In just a few more days, writers, would-be novelistas and hobby scribblers all around the globe will give themselves up to 30 days of literary abandon.
Yes, as of November first, it is National Novel Writing Month again, the month-long event that aims to bring to fruition and completion those half-baked ideas and dust-covered manuscripts that have languished, unfinished, for way too long. A time when authors can labour with the knowledge that millions of others are trying to achieve the same goal at the same time: to complete the rough draft of a novel or other form of writing to the tune of 50,000 words.
I will try to toil along with the masses, guiltily aware that tucked away as I am in a log cabin way out in the woods, my set-up is exactly that of the most touted writer retreats. Just what I need – more pressure. Other writers would give their eye tooth for a month of seclusion and here I am, enjoying 12 months a year of it, and what do I have to show for it?
Of course, there are the dogs, chickens and my partner who add a fair bit of action (I’m hesitant to call it disturbance though sometimes it is just that), and there are the daily chores. Water has to be hauled, wood split, chickens fed and watered, let out and locked in again, bread needs to be baked and every so often, dishes do have to be washed. But it really doesn’t add up to more than maybe two hours of “work” per day, so that I find myself in the uncomfortable position of having signed up for NaNoWriMo with no excuses on hand. And I will need excuses, I’m sure.
I tried it last year, a bit half-heartedly and late, to be sure. After two weeks of dithering (should I? Shouldn’t I?), I succumbed to the temptation to tackle book writing the way one takes up a casual new hobby. Alas, our SUV of a laptop prevented me from actually typing anything and posting it to the official NaNo website. It would have sucked the batteries dry every two or three days.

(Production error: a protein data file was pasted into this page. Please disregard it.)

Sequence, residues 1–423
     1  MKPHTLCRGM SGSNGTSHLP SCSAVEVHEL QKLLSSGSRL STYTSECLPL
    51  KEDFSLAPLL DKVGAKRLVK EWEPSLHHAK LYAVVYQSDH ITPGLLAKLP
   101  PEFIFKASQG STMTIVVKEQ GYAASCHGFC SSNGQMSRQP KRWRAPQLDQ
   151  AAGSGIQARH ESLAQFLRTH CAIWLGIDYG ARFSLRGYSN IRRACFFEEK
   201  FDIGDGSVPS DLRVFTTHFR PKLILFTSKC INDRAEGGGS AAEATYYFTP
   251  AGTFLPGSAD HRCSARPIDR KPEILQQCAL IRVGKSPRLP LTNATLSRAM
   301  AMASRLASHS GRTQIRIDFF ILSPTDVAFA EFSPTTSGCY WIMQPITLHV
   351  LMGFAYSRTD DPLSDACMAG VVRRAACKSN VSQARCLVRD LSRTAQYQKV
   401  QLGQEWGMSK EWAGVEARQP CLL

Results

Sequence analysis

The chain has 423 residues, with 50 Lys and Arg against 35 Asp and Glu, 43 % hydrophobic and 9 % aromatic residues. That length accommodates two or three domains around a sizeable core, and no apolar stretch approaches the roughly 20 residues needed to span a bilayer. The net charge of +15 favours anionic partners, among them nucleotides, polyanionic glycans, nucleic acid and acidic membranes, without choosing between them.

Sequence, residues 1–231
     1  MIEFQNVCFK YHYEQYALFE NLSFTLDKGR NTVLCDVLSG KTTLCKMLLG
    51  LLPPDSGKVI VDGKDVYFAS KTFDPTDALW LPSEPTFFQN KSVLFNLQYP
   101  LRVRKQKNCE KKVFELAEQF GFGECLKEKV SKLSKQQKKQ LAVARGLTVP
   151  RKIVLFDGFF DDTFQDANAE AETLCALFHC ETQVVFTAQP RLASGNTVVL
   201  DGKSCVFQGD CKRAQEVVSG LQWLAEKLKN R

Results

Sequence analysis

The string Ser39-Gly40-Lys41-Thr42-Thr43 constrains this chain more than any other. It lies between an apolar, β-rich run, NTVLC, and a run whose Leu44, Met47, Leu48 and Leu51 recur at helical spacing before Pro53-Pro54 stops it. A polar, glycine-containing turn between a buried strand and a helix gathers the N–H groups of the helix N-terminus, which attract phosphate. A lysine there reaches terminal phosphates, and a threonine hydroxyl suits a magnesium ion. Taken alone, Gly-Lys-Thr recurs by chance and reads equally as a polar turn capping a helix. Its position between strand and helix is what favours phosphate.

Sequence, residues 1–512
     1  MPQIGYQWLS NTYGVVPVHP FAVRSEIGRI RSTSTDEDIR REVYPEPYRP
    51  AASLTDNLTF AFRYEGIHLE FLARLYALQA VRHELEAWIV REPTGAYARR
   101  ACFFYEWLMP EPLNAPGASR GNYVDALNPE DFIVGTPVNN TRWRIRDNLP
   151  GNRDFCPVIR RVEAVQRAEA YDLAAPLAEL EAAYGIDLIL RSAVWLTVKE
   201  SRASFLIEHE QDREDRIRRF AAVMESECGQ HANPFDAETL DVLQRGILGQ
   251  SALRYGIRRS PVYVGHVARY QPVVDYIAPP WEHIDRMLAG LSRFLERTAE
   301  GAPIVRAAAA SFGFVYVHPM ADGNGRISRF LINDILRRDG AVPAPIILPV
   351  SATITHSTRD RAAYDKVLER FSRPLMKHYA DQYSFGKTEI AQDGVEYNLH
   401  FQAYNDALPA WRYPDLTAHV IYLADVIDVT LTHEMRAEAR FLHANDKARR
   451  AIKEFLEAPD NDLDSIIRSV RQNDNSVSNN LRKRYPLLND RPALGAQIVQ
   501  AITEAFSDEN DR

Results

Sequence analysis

So after justifying myself for joining so late, two weeks into the event, by reasoning that no real northerner is ever on time, I later found my non-use of the laptop to be a handy excuse for petering out at around 23,000 words. It was just because I was unable to get in on the online frenzy, watch the ticker tape of my word count on the website and couldn’t commiserate with fellow NaNoers in the online forums that I fell short of even making it to the halfway mark. Or so I told myself.
I had stuffed my dogeared, hand-scribbled pages into a binder and then more or less forgot about it. Once a month or so, I’d guiltily think of it, the manuscript that never was; every couple of months I even air it out and try to write a bit more, but to no avail. With a certain dread-filled anticipation I’ve flipped the pages of our calendar at the end of every month, drawing closer and closer to November. Now we’re almost there.
And here I am, outfitted now with a slick new netbook that draws only a little bit of power and runs all day on its battery pack, signed up for the event and with half the book already done, ensconced in a most retreat-like setting. Surely, it must be possible to finish the bloody thing next month.
I have already made myself a cozy nest upstairs, away from the general fray of cabin life, ferreted out a six pack of earplugs and am overall behaving like a nervous bride before the nuptials. Sam is encouraging it all, thinking it a great idea and vowing to keep the dogs out of my hair whenever humanly possible. The weather seems to conspire likewise, with each day looking more drab than the preceding one.
This is it, then. The end of lame excuses, fidgeting and dithering. No matter what, I shall produce a string of sentences each day, a whole long necklace of them, and if this time around, I don’t clock in at 27,000 words at the very, very least, I will … sign up again next year, I guess.
Lisa Hasselbring is a writer who
lives at the headwaters of the Yukon River south of Whitehorse.